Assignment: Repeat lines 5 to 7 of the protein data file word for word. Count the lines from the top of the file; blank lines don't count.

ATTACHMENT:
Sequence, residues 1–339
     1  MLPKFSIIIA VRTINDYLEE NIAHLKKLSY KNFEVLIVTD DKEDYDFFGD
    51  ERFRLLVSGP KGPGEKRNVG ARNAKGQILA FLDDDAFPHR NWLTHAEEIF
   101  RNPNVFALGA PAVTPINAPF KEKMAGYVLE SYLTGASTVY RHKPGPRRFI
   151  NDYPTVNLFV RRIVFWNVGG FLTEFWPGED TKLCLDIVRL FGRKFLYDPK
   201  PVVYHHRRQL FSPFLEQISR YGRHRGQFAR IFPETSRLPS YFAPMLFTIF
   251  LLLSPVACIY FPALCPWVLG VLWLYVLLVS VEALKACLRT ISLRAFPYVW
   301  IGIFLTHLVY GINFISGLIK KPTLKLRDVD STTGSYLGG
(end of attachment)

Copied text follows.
   151  NDYPTVNLFV RRIVFWNVGG FLTEFWPGED TKLCLDIVRL FGRKFLYDPK
   201  PVVYHHRRQL FSPFLEQISR YGRHRGQFAR IFPETSRLPS YFAPMLFTIF
   251  LLLSPVACIY FPALCPWVLG VLWLYVLLVS VEALKACLRT ISLRAFPYVW